IMO, the only hominid tribes which attained true civilized behavior are the Bonobo. They are matriachies and females rule by forbidding violence and rewarding good behavior with sexual favors. This seems to be very effective as there are no reports of a Bonobo ever having killed another Bonobo, whereas Chimpanzees are renowned for violent behavior and even murder.

    Moreover, the close social relationships among Bonobos helps in cooperative behavior and in test it was observed that Bonobos as a group would solve various problems much faster that Chimpanzees, who usually haggled more about dominance that offering cooperation.

    This may be  an interesting peek at Bonobo behavior.

    #309858
    @timb
    Participant

    I like bonobos.

    #309951

    Okay here’s the description of that video up there:

    Part 1 of 4. Footage about Kanzi, at the GSU Language Research Center from NHK Japan Broadcast Corporation for a special they subsequently produced called Kanzi: An Ape of Genius (English version) narrated by Dr. Sue Savage-Rumbaugh. From about 1993.

    ~~~~~~~~~~~~~~~~~~~~~~~~~~~~~~~~~~~~~~~~~~~~~~~~~~~~~~

    Check it out, she never stopped studying them.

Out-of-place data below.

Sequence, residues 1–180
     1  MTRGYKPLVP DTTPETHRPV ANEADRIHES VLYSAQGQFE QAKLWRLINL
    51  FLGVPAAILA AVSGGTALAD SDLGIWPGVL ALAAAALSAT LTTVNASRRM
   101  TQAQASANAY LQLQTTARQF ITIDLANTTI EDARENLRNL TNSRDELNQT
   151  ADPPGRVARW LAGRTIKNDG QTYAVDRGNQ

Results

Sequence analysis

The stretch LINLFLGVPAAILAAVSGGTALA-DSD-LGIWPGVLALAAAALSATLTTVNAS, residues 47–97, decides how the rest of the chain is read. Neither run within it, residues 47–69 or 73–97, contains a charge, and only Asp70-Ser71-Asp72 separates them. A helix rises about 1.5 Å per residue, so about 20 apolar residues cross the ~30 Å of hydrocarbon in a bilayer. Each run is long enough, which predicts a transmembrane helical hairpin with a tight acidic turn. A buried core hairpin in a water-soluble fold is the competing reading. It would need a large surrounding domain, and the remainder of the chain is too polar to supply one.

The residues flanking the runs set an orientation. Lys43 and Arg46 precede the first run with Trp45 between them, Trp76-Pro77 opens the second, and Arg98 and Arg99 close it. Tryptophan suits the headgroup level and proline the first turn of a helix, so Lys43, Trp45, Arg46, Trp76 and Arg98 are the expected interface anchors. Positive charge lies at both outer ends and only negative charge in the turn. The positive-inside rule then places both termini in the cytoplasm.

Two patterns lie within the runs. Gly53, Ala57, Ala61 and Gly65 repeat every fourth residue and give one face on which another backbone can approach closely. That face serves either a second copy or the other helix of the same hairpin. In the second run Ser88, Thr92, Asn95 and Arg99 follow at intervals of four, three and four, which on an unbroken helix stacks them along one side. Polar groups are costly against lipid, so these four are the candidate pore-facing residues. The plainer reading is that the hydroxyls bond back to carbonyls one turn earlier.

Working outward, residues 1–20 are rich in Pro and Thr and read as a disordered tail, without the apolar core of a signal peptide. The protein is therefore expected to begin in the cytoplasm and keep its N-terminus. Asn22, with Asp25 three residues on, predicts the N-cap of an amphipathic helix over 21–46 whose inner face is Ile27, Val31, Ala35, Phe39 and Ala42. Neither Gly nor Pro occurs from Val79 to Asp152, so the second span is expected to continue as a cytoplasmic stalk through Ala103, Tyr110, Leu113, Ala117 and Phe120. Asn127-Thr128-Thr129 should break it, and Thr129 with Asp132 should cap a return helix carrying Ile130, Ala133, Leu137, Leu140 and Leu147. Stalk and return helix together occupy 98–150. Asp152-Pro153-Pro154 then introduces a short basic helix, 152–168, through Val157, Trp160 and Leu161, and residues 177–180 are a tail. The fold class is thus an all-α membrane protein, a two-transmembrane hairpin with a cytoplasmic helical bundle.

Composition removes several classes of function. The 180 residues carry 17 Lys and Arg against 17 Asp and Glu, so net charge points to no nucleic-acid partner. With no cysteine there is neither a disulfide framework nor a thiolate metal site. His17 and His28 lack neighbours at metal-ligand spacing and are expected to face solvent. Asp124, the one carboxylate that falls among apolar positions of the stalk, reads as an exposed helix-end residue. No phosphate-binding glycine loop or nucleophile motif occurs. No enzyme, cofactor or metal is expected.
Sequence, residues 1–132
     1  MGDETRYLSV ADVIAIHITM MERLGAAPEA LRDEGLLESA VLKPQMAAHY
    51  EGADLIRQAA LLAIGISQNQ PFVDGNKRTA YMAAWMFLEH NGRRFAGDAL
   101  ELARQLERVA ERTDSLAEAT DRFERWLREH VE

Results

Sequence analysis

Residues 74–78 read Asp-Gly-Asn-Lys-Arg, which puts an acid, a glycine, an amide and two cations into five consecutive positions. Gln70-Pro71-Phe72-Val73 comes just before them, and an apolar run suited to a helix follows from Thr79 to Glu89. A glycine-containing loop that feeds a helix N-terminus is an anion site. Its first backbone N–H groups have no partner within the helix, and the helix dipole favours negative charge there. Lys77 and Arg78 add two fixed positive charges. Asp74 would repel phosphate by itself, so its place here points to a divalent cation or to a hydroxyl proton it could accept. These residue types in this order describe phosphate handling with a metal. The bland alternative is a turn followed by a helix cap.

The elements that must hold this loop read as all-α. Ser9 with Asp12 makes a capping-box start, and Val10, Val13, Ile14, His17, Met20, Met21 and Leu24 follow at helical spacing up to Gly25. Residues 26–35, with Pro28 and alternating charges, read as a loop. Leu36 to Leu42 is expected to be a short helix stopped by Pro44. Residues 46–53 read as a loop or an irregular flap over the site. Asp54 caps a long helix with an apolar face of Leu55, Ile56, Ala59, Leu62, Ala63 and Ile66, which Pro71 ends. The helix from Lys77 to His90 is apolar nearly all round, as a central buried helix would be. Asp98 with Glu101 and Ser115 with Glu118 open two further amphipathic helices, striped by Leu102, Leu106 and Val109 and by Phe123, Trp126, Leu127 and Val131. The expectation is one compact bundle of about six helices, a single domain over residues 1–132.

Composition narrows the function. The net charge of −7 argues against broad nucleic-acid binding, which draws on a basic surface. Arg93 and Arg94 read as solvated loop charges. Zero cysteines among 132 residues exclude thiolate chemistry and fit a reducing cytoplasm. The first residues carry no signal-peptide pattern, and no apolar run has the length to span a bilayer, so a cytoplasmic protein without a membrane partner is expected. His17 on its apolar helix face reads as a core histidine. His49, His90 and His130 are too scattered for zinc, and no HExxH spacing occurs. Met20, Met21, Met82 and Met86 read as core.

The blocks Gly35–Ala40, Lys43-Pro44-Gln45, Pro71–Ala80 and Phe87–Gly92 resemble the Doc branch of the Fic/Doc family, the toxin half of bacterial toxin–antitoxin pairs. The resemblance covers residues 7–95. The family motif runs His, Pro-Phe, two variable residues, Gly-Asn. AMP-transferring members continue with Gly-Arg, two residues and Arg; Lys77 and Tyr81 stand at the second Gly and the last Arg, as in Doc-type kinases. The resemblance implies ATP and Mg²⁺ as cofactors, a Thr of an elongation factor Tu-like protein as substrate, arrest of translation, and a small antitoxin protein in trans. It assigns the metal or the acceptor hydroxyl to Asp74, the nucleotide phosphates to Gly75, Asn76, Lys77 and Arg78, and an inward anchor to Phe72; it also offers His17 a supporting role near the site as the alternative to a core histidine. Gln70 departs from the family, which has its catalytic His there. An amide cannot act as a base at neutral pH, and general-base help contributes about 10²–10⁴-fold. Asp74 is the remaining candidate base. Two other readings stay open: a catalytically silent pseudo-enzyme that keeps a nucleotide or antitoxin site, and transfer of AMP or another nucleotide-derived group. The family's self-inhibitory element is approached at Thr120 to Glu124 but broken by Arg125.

TIME  –  Nov 30, 2016
    At Great Ape Trust, TIME 100 honoree Dr. Sue Savage-Rumbaugh studies the cognitive development of bonobos, perhaps humankind’s closest relatives.

    #309952

    That one’s too short.

    Things You Probably Didn’t Know About Cute Bonobos | National Geographic

     

    National Geographic  – June 16, 2014
    Bonobos are the only ape that doesn’t kill. And unlike any other ape, bonobos help each other out (a lot like humans do). Through the use of “bonobo TV,” researchers found that bonobos’ yawns are contagious (also like humans). But while they have humanlike traits, their biggest threat comes from humans.

    #309956
    @timb
    Participant

    I started yawning, just from them talking about contagious yawning.

    #309976
    @lausten
    Keymaster

    The book has a lot of data backing up what he says and he let’s you know when he’s speculating and when there is counter evidence to his ideas. So, I can’t just put up pithy quotes that summarize everything. One quote he uses (I forget the source), to make a point about the difference between us and our primate relatives is, you’ll never see two chimpanzees working together to carry a log. As much as we resemble them with our hierarchical behaviors, we get non-kin to cooperate in ways no other animals do.

    #310003